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Royal Kurtheater (Bad Wildbad, Germany)

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Royal Kurtheater

Royal Kurtheater

In 1878, we find the following note in the 'Badblätter' from Wildbad: The theater is "the meeting place for the best of society and is visited daily by His Highness the Prince of Wittgenstein, all the counts and barons present and a flor of lovely ladies."

The Royal Kurtheater had only been erected a few years earlier, in 1864, as a small, simple building. It is assumed that the theater director Albert Hirsch had it built at his own expense in unplastered half-timbering as a mixture of Black Forest and Swiss house. The bathroom and building inspector Franz Ulrich Mayr could be the architect. The place, an up-and-coming, stately spa, urgently needed its own theater building, because there was nothing like that in Wildbad up to then. Up to now, theater has been performed in the Badhotel's 'Upper Conversation Hall'.

The new house was a so-called "Vaudeville Theater". Vaudeville has its origins in the Paris fairground theater and is often associated with music and dance. In 1872 the private theater became the property of the state of Württemberg. When Peter Liebig from Mainz was called to Wildbad as theater director in 1885, the theater took off. In 1888 the theater was given a new name: "Königliches Kur-Theater". In 1897/98 it was rebuilt as part of the redesign of the spa facilities. The architect Albert von Beger, who was active in Bad Wildbad in many ways, turned the simple "something" into a magnificent jewel. Externally, the theater received stylistic Renaissance elements. The interior, which now accommodates 200 people, including in the galleries, was decorated with stucco in the Rococo style and brought closer to a Baroque layout. Thus, the design of the Kur-Theater now also corresponded to the lively encouragement under Liebig's direction. He remained theater director in Bad Wildbad until his death in 1910, i.e. 25 years. Until 1914, the theater was temporarily managed by the ducal Saxon-Altenburg court theater, which Peter Liebig had been in charge of for a long time as artistic director. The theater management was then handed over to Messrs. Steng and Krauß, a renowned theater family from Heilbronn. In the years between the two world wars, theater flourished again. Gaming was maintained even during the war. Older wild bathers, residents and guests remember the uplifting performances in the "jewel box" on the edge of the spa gardens. The theater was used until the mid-1960s.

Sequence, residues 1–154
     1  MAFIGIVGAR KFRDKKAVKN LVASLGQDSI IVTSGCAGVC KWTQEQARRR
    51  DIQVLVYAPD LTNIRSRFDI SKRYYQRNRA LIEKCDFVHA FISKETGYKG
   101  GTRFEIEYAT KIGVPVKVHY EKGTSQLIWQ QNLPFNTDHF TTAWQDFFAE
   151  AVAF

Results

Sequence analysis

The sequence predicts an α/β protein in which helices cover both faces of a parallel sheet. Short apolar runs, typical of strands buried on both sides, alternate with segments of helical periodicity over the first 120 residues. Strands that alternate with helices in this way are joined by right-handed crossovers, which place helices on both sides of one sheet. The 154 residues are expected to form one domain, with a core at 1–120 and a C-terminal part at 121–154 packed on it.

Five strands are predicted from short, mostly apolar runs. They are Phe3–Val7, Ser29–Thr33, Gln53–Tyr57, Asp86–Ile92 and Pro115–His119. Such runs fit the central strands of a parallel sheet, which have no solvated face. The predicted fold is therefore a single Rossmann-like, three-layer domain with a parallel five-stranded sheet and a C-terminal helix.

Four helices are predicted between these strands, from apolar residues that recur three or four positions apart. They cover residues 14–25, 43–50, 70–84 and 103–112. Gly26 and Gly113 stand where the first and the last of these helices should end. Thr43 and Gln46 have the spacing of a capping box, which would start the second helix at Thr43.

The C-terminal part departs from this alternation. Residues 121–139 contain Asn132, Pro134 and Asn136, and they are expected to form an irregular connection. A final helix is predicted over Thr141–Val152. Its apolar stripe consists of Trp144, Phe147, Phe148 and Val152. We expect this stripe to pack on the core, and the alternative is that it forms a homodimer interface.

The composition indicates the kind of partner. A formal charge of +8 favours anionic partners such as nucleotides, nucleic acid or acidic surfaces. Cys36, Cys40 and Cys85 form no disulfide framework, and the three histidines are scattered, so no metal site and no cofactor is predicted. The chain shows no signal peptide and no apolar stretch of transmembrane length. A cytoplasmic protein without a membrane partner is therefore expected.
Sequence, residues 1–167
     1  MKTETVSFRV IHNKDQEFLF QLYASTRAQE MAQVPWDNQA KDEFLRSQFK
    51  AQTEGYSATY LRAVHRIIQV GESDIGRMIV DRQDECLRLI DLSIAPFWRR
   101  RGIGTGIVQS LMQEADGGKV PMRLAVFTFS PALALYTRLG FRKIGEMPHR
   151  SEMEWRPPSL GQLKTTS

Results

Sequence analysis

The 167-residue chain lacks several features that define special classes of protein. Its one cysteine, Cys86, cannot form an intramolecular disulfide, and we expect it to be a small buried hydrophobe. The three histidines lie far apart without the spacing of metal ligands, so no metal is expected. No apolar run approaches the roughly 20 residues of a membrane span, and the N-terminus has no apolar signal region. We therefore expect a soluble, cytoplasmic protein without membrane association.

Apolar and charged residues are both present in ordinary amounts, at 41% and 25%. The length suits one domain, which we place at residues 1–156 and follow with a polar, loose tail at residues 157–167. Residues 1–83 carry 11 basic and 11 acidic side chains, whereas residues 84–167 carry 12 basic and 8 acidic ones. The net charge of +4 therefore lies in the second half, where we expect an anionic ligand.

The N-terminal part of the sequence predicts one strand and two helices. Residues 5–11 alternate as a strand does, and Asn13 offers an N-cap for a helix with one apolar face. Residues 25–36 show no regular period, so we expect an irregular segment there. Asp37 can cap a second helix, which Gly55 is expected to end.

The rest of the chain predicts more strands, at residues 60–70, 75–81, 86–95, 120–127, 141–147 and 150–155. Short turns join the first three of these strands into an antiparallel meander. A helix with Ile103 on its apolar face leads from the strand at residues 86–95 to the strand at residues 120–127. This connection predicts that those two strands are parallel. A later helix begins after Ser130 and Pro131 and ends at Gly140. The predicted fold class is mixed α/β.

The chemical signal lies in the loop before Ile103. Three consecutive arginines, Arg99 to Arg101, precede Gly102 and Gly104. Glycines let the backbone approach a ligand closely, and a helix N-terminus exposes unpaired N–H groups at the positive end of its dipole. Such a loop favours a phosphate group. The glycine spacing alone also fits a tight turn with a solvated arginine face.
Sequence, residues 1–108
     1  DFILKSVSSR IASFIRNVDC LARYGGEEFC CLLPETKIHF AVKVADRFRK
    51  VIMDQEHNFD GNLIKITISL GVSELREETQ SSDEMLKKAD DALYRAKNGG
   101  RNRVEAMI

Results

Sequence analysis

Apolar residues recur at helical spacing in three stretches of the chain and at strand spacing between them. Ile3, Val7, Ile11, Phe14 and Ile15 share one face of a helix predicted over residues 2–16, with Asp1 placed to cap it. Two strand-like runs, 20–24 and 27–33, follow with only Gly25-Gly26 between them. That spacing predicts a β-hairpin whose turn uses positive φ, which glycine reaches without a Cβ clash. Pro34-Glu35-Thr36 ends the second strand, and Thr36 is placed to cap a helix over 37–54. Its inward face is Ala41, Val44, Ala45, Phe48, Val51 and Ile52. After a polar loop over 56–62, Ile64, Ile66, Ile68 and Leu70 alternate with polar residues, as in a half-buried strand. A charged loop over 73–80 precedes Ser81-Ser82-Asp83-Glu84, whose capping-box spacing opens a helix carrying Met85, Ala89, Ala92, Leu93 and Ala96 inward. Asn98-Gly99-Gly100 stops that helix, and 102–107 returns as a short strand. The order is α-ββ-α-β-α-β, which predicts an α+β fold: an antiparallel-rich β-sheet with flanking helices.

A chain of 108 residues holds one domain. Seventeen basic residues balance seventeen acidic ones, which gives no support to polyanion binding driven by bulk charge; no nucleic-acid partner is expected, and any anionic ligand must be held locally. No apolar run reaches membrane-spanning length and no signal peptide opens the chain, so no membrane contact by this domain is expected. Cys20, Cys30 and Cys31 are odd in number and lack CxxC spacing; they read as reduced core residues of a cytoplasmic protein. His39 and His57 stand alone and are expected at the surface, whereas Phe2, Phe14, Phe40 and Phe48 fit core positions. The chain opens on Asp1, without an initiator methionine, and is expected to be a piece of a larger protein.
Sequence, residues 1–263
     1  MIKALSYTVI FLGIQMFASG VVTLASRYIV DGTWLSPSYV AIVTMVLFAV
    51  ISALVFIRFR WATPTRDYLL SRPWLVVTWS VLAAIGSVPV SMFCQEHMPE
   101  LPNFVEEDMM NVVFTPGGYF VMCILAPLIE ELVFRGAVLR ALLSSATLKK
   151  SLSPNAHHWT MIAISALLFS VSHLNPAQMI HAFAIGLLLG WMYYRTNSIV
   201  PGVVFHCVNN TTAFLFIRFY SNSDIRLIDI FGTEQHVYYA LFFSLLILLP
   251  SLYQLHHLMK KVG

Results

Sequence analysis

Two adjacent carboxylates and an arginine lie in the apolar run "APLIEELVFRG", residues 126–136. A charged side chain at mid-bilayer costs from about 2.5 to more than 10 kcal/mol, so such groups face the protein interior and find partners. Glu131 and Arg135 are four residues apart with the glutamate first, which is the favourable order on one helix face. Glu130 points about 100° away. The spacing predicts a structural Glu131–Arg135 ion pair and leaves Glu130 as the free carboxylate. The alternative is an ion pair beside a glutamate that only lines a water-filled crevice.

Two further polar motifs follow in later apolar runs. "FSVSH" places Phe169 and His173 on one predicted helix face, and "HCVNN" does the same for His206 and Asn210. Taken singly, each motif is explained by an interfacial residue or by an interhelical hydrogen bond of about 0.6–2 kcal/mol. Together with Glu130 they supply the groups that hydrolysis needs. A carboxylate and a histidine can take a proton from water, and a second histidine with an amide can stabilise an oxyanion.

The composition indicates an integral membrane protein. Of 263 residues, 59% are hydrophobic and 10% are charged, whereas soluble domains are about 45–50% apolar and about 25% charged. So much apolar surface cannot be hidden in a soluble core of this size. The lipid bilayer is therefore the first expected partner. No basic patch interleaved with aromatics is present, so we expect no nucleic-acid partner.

On June 24, 1967, Calderon de Berta's comedy in three acts "Dame Kobold" was the last performance in what was then known as the Landeskulturtheater uses the spa garden. The population called it an "eyesore"!! It got to the point that in 1981/82 parts of the interior had to be demolished due to fungal infestation, and the load-bearing structure was badly damaged. On June 24th, 1987, 20 years to the day after the last curtain fell, a group of people interested in preserving the Kurtheater got together and founded the "Förderverein Kurtheater Wildbad eV". The state government's plans to demolish the Kurtheater did not come to fruition, since 1999 the Kurtheater became the property of the Förderverein. Restoration work began in 2001 and ended in 2005 with a thorough renovation. From this period onwards, the Kurtheater was playable on a modest scale, so that on July 1st, 2005 the house could be reopened with the chamber opera "L'inganno felice" by Gioachino Rossini under the direction of Alberto Zedda. In the years that followed, a number of events and the regular bel canto festival “Rossini in Wildbad” took place in the Kurtheater. The renovation continued in stages until it was completed in 2014. Next up is the restoration of the stage. On July 10th, 2014, 150 years after the construction of the building, the regular performance of Rossini's "Il viaggio a Reims" was resumed in the Royal Kurtheater! Since then, the association has successfully staged its own events in the theater with a great deal of initiative and passion. In 2016, theater lovers can look forward to the numerous performances planned by the association.

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